4

Questions:

- Is this a monad?
- does this demonstrate a reasonable understanding of error monad?
- what am I missing?
- what else can I do with this code to flex monads more?
- i'm confused as to the relation of success/fail to "return"/"result"/"lift" (i think these are all the same concepts).
- how can we make the problem more complex, such that monads help us solve our pain points? monads help here because we abstracted away the
`if result != None`

plumbing, what other types of plumbing might I want to abstract, and how do monads (or 'monad combinators') help this pain?

I'm a bit underwhelmed.

```
# helpers for returning error codes
def success(x): return (True, x)
def fail(x): return (False, x)
# bind knows how to unwrap the return value and pass it to
# the next function
def bind(mv, mf):
succeeded = mv[0]
value = mv[1]
if (succeeded): return mf(value)
else: return mv
def lift(val): return success(val)
def userid_from_name(person_name):
if person_name == "Irek": return success(1)
elif person_name == "John": return success(2)
elif person_name == "Alex": return success(3)
elif person_name == "Nick": return success(1)
else: return fail("No account associated with name '%s'" % person_name)
def balance_from_userid(userid):
if userid == 1: return success(1000000)
elif userid == 2: return success(75000)
else: return fail("No balance associated with account #%s" % userid)
def balance_qualifies_for_loan(balance):
if balance > 200000: return success(balance)
else: return fail("Insufficient funds for loan, current balance is %s" % balance)
def name_qualifies_for_loan(person_name):
"note pattern of lift-bind-bind-bind, we can abstract further with macros"
mName = lift(person_name)
mUserid = bind(mName, userid_from_name)
mBalance = bind(mUserid, balance_from_userid)
mLoan = bind(mBalance, balance_qualifies_for_loan)
return mLoan
for person_name in ["Irek", "John", "Alex", "Nick", "Fake"]:
qualified = name_qualifies_for_loan(person_name)
print "%s: %s" % (person_name, qualified)
```

output:

```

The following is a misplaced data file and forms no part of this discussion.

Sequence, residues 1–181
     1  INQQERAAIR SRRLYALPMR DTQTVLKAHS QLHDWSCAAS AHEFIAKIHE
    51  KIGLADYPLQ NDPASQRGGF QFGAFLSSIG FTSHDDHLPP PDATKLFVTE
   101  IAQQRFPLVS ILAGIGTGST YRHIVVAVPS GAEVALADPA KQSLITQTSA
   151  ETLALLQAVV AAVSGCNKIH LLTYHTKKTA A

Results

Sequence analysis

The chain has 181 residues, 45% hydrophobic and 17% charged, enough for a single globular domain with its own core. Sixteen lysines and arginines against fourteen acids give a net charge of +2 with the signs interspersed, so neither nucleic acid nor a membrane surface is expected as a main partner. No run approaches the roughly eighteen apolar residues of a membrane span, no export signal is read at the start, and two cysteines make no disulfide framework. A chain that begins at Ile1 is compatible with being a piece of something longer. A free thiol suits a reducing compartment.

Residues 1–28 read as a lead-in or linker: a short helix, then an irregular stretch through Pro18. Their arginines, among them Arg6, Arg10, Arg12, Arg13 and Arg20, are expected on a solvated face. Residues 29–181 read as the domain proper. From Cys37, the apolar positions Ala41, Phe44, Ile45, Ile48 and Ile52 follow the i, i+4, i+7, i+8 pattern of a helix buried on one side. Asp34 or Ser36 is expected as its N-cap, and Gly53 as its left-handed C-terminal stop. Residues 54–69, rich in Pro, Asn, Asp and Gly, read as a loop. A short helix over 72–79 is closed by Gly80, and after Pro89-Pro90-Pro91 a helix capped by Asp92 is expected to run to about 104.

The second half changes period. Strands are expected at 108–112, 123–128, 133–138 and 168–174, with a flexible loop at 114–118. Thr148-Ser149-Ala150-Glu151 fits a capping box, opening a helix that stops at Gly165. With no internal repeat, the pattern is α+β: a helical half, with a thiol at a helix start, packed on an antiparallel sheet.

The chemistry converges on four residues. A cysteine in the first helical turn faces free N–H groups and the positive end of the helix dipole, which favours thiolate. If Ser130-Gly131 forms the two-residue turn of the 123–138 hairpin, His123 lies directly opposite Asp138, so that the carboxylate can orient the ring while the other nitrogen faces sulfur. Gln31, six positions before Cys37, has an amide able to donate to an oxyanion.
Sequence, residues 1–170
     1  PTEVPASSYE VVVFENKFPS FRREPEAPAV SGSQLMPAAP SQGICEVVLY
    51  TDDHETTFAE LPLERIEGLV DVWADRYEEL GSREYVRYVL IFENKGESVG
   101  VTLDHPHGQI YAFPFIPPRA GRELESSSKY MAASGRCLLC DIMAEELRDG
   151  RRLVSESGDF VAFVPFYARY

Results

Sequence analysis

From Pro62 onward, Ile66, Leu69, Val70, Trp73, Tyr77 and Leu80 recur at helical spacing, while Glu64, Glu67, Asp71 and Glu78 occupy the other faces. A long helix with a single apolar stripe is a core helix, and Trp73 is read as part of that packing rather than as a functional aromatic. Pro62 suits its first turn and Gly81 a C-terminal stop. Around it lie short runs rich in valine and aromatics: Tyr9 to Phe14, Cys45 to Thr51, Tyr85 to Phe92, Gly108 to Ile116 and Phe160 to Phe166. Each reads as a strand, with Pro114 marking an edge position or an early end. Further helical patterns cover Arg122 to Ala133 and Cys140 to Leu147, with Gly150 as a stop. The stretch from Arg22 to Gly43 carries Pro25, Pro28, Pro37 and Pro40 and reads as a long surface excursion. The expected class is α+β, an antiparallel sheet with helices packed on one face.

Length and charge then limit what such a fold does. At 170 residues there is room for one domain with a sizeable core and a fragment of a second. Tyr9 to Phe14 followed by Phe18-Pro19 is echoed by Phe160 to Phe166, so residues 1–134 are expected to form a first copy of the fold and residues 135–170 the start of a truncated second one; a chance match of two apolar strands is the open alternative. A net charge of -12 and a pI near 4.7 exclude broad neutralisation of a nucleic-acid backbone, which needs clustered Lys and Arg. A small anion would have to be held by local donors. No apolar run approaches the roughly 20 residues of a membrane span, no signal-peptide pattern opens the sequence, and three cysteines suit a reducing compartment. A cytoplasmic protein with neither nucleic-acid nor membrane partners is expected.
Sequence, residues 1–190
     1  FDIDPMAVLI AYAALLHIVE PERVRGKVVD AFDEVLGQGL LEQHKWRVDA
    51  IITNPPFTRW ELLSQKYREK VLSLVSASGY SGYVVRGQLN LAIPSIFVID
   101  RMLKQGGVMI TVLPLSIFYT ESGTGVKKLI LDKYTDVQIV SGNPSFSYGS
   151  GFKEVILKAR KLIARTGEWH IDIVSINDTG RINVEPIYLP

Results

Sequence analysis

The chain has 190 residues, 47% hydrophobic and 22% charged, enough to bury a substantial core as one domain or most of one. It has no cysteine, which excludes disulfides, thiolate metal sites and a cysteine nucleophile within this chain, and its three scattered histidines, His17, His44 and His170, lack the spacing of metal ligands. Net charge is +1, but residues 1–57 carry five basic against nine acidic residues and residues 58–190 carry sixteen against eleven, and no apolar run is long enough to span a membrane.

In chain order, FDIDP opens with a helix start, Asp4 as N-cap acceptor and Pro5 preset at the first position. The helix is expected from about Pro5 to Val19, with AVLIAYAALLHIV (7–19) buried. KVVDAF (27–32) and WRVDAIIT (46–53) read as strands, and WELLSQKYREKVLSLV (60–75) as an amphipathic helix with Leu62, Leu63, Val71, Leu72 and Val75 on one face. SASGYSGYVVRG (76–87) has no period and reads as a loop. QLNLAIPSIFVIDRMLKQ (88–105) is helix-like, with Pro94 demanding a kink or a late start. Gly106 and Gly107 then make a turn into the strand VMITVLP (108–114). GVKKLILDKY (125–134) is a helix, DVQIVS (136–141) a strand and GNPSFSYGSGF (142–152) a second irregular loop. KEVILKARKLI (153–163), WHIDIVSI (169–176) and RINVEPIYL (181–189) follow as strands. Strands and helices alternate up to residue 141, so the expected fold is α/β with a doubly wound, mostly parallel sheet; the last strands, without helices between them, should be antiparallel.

Irek: (True, 1000000)
John: (False, 'Insufficient funds for loan, current balance is 75000')
Alex: (False, 'No balance associated with account #3')
Nick: (True, 1000000)
Fake: (False, "No account associated with name 'Fake'")
```

I restructured that code slightly to make it more readable. Hope you don't mind (and if you do, please roll it back : - Niklas B. 2012-04-04 02:07

2

**Is this a monad?** See the monad laws:

All instances of the Monad class should obey:

- "Left identity": return a >>= f ≡ f a
- "Right identity": m >>= return ≡ m
- "Associativity": (m >>= f) >>= g ≡ m >>= (\x -> f x >>= g)

*( return means success, >>= means bind)*

Left identity. In your implementation, this could be:

`bind(success(x), balance_qualifies_for_loan) == balance_qualifies_for_loan(x)`

where

`x`

is some value and`f`

is a monadic function.Right identity. Again, this could be:

`bind(m, success) == m`

where

`m`

is a monadic value.Associativity. This could be:

`bind(bind(m, userid_from_name), balance_from_userid)) == bind(m, lambda x: bind(userid_from_name(x), balance_from_userid))`

All of these could be written as unit tests to quickly check that these properties hold for many input values.

**What is missing?**

- each monad needs a different implementation of
`success`

and`bind`

. Putting these into an interface would allow you to write code generic over all implemented monads. - based on the Haskell approach, you might want to implement some general monad combinators, such as
`>>`

,`sequence`

and`mapM`

. These make monads very convenient to use.

can you extend my problem such that monad combinators help me solve it? I guess I'm trying to understand what sort of pain points one might have that monads help solve - Dustin Getz 2012-04-04 02:17

`>>`

operator and using lambdas. A totally different approach is the one from here, that guy uses decorators and`yield`

to make this almost look right : - Niklas B. 2012-04-04 02:02